In position terms we did well last year [2007] and were holding top 5 positions by Christmas on important search words and phrases. Early into the New Year [2008] we started to tumble and by the time of the recording of Dragon’s Den were slipping onto second and third pages as is now well documented in the on screen reply to Dragon Peter Jones during the program. However as at the 30th July 2008, although we are holding positions on search engines other than Google, we have temporarily dropped off the Google radar, we’re being soft filtered. We now know that this was down to inappropriate actions by our last and now ex-SEO contractor and is being rectified by our current SEO experts. Even we accept that it will take some time to reverse, so now is not the time to judge their work. Dare I say........... 'Watch-this-Space'?

I would like to share one small point of commercialism, a competitor with TWO sites that dominated the top Google positions through 2007 [no longer] turned over 1/3rd of the business that we did. Its not all about SEO and I hope our growth says a lot about the quality of our jewellery, service and brand reputation. I know, I know 'just think what will happen when our SEO problem is resolved'.

NOW if you feel that you, the reader, have some skill or expertise that we could benefit from, great, we invite you to contact us professionally at however it’s probably not a good idea to start your pitch by insulting or berating a potential client or their website with liberal use of Anglo Saxon, as so many of your brethren have.

about 10 years ago



Word of warning - Its Cold Outside are complete cowboys - I have had a lot of dealings with them and they promise the earth and deliver, well, soil.

about 10 years ago


Mark Higgins

3. another word of warning Its cold Outside took over my adwords
campaign and they are absoloutley crap they couldnt even get the
click rates and quality of cliks as a none profestional i had been acheiving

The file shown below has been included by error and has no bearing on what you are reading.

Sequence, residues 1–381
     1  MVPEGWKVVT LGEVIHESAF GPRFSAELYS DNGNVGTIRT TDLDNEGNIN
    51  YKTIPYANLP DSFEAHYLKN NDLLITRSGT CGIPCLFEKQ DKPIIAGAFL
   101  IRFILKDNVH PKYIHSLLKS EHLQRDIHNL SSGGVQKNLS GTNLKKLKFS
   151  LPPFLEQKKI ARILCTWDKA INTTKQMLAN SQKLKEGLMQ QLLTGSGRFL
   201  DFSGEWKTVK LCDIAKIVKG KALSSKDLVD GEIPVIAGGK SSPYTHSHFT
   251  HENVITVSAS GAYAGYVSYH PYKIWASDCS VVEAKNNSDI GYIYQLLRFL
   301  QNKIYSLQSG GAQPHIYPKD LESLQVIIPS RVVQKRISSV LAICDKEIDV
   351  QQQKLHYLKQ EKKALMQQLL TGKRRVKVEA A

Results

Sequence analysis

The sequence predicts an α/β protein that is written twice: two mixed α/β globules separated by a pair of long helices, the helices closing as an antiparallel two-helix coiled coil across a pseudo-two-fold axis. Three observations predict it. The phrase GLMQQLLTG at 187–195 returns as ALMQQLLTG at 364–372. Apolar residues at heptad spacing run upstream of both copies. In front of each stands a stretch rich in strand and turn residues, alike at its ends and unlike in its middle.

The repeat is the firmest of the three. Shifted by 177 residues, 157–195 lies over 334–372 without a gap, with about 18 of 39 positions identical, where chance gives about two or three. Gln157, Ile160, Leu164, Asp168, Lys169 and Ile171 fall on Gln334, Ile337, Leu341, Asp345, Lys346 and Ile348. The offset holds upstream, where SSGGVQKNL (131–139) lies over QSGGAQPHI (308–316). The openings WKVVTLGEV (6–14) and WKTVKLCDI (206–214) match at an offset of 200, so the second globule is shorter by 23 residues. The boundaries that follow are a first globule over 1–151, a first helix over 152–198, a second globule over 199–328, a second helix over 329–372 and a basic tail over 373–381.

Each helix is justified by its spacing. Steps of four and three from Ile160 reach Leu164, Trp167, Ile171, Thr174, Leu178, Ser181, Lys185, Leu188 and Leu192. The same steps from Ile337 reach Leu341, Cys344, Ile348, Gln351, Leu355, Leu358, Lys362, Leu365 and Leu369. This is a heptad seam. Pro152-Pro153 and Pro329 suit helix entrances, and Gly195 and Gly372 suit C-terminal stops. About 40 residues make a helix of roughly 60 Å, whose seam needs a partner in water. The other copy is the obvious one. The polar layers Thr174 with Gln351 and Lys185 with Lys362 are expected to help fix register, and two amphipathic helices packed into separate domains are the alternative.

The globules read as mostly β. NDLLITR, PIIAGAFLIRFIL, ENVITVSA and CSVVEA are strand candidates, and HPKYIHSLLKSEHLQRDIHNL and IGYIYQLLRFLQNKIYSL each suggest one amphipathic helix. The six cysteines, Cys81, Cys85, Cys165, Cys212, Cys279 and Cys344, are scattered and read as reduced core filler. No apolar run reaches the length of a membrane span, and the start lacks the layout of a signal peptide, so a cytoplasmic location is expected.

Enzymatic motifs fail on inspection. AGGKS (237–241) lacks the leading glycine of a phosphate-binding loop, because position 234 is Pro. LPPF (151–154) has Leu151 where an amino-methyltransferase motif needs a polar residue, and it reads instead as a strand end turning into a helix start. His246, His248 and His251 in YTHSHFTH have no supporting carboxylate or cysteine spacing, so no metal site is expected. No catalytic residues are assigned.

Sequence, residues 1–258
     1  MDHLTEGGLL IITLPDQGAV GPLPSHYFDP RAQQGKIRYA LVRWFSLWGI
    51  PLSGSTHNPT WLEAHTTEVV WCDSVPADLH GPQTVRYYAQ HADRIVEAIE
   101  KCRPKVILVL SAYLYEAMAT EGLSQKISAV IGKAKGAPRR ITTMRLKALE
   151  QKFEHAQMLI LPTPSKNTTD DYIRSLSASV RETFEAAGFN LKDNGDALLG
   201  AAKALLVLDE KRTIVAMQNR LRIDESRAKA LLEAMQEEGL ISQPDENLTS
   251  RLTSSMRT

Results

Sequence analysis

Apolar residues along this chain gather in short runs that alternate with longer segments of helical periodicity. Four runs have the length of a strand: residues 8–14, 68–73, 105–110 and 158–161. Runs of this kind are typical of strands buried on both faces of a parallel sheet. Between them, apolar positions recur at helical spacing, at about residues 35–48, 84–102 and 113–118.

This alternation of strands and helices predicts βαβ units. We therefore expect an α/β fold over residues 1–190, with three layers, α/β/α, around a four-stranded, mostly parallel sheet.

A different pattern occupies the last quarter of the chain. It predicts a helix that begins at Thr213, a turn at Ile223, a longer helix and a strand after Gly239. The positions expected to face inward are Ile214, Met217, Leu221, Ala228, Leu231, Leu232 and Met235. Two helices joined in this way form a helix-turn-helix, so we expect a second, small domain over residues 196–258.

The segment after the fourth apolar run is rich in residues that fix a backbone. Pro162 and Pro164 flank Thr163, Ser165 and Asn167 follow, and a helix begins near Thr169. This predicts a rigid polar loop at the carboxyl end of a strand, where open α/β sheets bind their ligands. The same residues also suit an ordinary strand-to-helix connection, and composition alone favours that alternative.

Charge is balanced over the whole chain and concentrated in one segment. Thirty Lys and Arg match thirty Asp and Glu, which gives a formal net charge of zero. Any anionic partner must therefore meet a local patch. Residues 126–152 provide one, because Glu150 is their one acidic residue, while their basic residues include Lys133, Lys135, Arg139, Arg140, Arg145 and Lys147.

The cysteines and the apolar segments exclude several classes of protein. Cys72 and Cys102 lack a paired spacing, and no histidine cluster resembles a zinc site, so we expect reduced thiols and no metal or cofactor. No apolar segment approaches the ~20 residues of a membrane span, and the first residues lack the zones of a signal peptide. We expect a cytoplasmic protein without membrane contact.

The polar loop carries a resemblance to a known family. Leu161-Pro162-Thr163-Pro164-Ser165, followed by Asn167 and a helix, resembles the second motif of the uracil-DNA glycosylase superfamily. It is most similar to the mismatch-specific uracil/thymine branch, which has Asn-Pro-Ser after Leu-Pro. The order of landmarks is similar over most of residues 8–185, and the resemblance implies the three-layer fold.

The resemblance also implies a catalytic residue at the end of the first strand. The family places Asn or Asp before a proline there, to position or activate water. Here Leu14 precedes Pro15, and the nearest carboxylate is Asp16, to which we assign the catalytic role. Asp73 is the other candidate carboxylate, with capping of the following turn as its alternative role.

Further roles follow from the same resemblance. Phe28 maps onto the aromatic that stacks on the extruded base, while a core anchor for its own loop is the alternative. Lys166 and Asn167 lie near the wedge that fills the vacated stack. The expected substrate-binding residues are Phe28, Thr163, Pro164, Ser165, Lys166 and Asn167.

These guys need reporting to trading standards they are a complete
con and should be avoided at all costs

about 10 years ago


Ernie Pallas

We had a web site designed by a company to replace our current three online businesses.

I realised my web designer was strugling with the SEO and pay for click transfer and after being contacted by Its Cold outside I appointed them to copy existing key words and apply them to the new business, what a disaster.

They turned the existing campaing off on our business and orders stopped,they set the new ones up at the wrong rates it cost us a fortune.

The worst was yet to come two months in to the 3 month agreement I cancelled the direct debit I received a phone call from them stating if I give them their final payment they would give me 3 free months because they dont like un - happy customers.

guess what,,,,,,They did nothing it was a ploy to get the final payment from me.

almost 10 years ago


rudd crux

Frankly speaking i Liked Browsing through the site and was also impressed with the designing of the site. Color combination are also beautifully selected to get the best out os the Jewelry displayed. still if u want u can compare it with different site in the same domain. Like,

about 9 years ago


Steve H

I just searched Google and is number 4 for "diamond" and number 1 for "diamond engagement ring". Their current SEO company must be pretty good. :)

On the other hand, I am currently in dispute with It's Cold Outside over their attempts to rip off a friend of mine. He's paid half the money and they've done some "work". His site is dropping in the Google rankings.

These people need to be stopped and if necessary, I will take them to court myself and have them investigated by the OFT.

almost 9 years ago